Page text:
Dhaka police arrest journalist under draconian law for report criticizing high prices

Kamran Reza Chowdhury
Dhaka police arrest journalist under draconian law for report criticizing high prices Activists from left-wing student organizations protest the arrest of Bangladesh journalist Shamsuzzaman, around Dhaka University, March 29, 2023.

Dhaka police on Wednesday arrested a journalist under a draconian law based on a complaint that his report quoting a laborer criticizing high prices “tarnished the government’s image,” a copy of the complaint showed.

The journalist’s arrest under the Digital Security Act drew condemnation from the opposition and other groups who see it as a sign of an increasingly repressive government cracking down on its critics ahead of the national election scheduled for December or January 2024.

A copy of the complaint against the journalist, national daily Prothom Alo’s Shamsuzzaman, showed it was filed by a ruling Awami League member, Md. Golam Kibria, in Dhaka’s Tejgaon police station, against a report published online on March 26, Bangladesh’s independence day.

The report, the complaint obtained by BenarNews said, was aimed at “creating confusion among the people about Bangladesh’s independence, questioning Bangladesh’s achievements and tarnishing the government image.”

Home Minister Asaduzzaman Khan Kamal confirmed the arrest of Shamsuzzaman, a staff correspondent for the news organization.

Sajjad Sharif, executive editor of Prothom Alo, told BenarNews that his correspondent wrote a report based on comments from average Bangladeshis on the country’s independence day.

He said the report quoted a day laborer Zakir Hossain as saying: “What is the meaning of independence when we cannot manage food. [I] sweat at the market. We need independence guaranteeing fish, meat and rice.”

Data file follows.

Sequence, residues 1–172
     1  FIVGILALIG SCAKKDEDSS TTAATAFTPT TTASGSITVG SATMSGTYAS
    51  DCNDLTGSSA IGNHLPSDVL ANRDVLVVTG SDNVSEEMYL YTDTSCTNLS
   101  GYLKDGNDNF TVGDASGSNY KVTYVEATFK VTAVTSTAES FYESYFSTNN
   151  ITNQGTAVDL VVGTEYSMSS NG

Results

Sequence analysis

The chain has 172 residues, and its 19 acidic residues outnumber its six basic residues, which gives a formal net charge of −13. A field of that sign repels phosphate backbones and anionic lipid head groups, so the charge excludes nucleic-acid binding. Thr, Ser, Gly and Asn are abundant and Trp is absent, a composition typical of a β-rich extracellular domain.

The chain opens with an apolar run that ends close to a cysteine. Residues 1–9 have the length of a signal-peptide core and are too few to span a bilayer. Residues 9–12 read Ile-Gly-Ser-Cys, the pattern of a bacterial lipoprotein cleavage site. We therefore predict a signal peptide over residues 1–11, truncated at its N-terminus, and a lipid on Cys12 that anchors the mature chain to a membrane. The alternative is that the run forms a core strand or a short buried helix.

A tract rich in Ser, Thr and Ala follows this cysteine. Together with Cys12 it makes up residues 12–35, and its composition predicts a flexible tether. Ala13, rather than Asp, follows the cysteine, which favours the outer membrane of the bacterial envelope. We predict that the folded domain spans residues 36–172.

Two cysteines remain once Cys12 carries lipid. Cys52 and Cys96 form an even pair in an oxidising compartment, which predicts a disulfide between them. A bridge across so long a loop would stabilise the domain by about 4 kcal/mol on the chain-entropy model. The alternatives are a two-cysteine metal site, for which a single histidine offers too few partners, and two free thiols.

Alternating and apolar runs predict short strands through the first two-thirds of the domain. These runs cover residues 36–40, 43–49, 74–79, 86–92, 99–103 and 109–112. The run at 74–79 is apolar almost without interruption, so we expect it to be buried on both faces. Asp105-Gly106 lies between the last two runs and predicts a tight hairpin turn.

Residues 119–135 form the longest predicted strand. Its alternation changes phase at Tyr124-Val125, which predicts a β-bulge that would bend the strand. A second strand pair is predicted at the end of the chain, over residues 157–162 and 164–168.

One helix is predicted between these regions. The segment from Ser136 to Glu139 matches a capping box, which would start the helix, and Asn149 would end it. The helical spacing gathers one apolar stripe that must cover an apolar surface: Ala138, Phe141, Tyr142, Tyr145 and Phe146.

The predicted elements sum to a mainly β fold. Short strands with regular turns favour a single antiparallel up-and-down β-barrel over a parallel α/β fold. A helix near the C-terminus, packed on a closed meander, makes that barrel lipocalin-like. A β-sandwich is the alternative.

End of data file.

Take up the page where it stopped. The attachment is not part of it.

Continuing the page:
Sharif refuted the complainant’s allegations.

“This is absolutely baseless that we filed the story to create confusion about Bangladesh’s independence and the war of independence. Prothom Alo’s stated policy is, ‘we are pro-independence and the war of independence of Bangladesh.’”

“Shamsuzzaman is not a thief, robber or terrorist. He is a journalist. We are under pressure to do journalism.”

Critics of the government – mostly journalists, cartoonists, activists, entrepreneurs, educators and students – have been targeted by the controversial Digital Security Act. The act was passed in September 2018 after the ruling Awami League came to power for a third consecutive term.

While figures for last year are not available, Bangladesh saw a nearly ninefold increase in cases filed under the Digital Security Act in 2021 compared to the previous year.

These cases were filed for perceived online criticism of officials, including Prime Minister Sheikh Hasina, and her father, the country’s founder, according to a leading human rights organization.

Opponents have noted that Hasina’s administration has increasingly and brazenly targeted her critics and journalists, using state machinery and oppressive laws. The issue has come to the attention of other democracies and rights groups as well.

Meanwhile, Prothom Alo‘s Sharif acknowledged that the report created some confusion because the news outlet used a wrong photo on Facebook – of a child selling flowers – with the laborer’s quote.

“There was a mismatch between the photo of the child and the quote. In less than half an hour, we removed the story, and gave a correction note with the story when we noticed the discrepancy,” Sharif said.

A television channel owned by the husband of an Awami League lawmaker aired a news story that Prothom Alo published a false story. The channel interviewed the child who was selling flowers, who said he was paid a small amount for posing for the photo.

The Awami League member who filed the complaint about Shamsuzzaman’s report referred to the TV channel’s story.

Obaidul Quader, ruling party secretary general, told journalists that the report was “politically motivated.”

The main opposition Bangladesh Nationalist Party (BNP), left-leaning parties and other bodies condemned Shamsuzzaman’s arrest

“What is the offense of this journalist? I do not understand. He has simply reported the fact. It was a quote from a common man. He just presented it in the story,” Mirza Fakhrul Islam Alamgir, secretary general of the BNP, told journalists.

 “Where is the offense if a man feels hunger on the independence day, if he feels deprived and speaks about it, and if he questions what benefit independence has brought him?”


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